Most people who are charged with a South Carolina CDV offense are told in bond court that they can have no contact with their alleged victim. A no contact bond restriction means absolutely no contact, whether by phone, e-mail, text message or in-person.
For whatever reason a great number of people seem to think that no contact means you and the alleged victim should ride to CDV court together. These defendants will not try to hide the fact that they are flagrantly violating the no contact order, and will go so far as to park right outside the front door and walk in together. I've even seen defendants with no contact orders actually walk into the courthouse holding hands with their girlfriend\spouse.
There are enough defendants with no contact orders violating it on the court date that many CDV courts actually have plainclothes officers in the parking lot to see who comes in together. At the courthouse in Lexington there is a second floor window overlooking the parking lot that serves as an informal observation point for officers watching to see who rides in with who to CDV court. Columbia also has a similar procedure.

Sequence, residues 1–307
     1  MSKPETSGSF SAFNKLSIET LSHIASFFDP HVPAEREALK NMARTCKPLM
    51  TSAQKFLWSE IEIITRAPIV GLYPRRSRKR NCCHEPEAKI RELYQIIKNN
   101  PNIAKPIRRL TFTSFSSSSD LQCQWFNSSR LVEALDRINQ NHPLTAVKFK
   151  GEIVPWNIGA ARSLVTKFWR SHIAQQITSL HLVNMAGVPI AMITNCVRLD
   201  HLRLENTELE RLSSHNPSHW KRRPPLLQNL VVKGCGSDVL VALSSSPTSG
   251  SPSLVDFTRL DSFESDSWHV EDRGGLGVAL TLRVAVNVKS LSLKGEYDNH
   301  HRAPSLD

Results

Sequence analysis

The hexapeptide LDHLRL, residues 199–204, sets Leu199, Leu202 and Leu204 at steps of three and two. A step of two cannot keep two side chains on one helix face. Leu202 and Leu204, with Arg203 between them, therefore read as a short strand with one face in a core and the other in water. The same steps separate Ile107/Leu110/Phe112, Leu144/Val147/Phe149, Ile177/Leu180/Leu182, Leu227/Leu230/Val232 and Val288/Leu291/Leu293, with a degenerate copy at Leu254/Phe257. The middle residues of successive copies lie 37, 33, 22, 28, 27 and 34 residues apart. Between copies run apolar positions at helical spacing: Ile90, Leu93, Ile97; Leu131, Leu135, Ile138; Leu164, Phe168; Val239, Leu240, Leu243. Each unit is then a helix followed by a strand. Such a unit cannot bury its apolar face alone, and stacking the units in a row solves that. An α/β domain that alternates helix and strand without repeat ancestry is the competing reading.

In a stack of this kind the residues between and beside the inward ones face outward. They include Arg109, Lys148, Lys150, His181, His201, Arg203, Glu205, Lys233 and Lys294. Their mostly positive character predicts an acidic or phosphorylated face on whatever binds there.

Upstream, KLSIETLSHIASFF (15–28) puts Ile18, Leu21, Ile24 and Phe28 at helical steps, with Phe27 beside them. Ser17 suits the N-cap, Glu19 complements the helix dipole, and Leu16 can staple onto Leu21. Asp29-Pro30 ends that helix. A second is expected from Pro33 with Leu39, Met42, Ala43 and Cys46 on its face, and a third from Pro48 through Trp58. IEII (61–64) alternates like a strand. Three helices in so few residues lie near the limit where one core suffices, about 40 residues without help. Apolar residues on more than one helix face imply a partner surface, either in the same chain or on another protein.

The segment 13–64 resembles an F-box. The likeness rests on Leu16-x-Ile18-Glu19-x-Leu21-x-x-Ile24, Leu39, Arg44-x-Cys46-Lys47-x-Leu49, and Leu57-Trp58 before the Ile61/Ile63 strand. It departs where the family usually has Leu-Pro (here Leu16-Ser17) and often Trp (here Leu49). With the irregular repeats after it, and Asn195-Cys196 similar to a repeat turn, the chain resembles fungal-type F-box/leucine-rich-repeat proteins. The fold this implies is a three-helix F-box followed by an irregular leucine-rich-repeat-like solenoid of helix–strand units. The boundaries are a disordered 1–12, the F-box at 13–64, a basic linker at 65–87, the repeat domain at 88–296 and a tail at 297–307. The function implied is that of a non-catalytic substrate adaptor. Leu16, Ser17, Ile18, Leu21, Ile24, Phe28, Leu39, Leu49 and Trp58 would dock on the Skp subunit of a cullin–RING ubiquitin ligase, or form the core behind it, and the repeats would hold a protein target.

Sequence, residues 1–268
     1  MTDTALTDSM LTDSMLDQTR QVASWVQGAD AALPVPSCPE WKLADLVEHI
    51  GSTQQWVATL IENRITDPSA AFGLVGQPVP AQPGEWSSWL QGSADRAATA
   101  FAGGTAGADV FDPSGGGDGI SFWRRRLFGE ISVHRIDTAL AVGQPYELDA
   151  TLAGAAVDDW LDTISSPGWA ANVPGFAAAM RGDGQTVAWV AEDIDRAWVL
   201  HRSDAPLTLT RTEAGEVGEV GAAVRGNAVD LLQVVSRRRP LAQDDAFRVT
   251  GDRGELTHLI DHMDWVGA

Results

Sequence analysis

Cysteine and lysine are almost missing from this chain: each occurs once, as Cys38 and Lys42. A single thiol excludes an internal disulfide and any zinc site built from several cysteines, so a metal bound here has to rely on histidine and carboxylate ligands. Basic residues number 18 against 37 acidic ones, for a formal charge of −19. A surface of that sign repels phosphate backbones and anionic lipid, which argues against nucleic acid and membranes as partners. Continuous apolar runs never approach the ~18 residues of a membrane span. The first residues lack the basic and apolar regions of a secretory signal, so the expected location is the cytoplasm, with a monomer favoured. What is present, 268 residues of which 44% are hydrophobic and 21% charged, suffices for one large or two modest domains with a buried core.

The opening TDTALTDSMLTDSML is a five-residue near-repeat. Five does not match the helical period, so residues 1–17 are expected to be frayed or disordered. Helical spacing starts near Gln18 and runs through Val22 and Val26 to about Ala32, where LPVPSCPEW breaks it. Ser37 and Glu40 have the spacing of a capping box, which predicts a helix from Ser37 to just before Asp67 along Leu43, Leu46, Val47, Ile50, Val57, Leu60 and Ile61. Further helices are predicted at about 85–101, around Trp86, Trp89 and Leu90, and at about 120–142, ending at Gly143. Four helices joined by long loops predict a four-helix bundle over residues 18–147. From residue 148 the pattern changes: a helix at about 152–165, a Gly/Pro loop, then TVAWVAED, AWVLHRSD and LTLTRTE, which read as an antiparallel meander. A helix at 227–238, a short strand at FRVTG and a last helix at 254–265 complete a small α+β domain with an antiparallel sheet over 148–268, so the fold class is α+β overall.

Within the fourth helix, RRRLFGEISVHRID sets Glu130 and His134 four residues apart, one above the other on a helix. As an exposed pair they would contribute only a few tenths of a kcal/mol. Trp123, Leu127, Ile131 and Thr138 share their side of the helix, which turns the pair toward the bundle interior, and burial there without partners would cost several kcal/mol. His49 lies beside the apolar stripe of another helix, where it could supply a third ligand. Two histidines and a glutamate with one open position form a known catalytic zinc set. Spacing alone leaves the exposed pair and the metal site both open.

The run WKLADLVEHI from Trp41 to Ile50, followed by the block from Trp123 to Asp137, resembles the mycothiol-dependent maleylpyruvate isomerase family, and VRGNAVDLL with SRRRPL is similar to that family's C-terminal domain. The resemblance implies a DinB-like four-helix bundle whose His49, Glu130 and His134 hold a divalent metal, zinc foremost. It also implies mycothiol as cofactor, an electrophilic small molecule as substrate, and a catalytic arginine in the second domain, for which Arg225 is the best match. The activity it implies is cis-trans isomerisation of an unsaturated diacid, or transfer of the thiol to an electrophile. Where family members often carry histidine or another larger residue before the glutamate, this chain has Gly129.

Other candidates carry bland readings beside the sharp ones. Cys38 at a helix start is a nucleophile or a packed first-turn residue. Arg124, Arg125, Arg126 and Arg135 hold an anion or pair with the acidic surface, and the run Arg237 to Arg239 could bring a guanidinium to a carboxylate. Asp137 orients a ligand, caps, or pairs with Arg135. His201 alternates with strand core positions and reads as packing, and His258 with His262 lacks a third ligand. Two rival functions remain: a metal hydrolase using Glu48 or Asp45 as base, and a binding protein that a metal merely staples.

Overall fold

Defendants are caught violating the no contact order in this manner by the officers, CDV prosecutor and sometimes even the presiding judge. When this happens defendants who think that they are coming for an ordinary bench trial, or who hired a CDV defense attorney and are instead coming for their pre-trial, find themselves instead facing an immediate contempt \ bond revocation hearing.
Defendants who flagrantly violate the no contact orders seem to be treated more harshly than other violators, and routinely face immediate jail sentences in the ten to thirty day range. Once that sentence is served the CDV case remains pending and the defendant could also still face more jail time or a fine if they are convicted.